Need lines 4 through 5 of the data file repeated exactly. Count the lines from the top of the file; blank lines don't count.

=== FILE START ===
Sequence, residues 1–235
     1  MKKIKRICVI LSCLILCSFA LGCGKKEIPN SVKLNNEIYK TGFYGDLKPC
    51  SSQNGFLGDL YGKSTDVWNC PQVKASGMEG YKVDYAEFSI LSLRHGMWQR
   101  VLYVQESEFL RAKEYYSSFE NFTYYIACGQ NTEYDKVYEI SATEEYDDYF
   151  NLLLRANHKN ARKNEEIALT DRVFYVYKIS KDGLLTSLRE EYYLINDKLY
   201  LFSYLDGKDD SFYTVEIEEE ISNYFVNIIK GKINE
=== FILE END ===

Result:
   101  VLYVQESEFL RAKEYYSSFE NFTYYIACGQ NTEYDKVYEI SATEEYDDYF
   151  NLLLRANHKN ARKNEEIALT DRVFYVYKIS KDGLLTSLRE EYYLINDKLY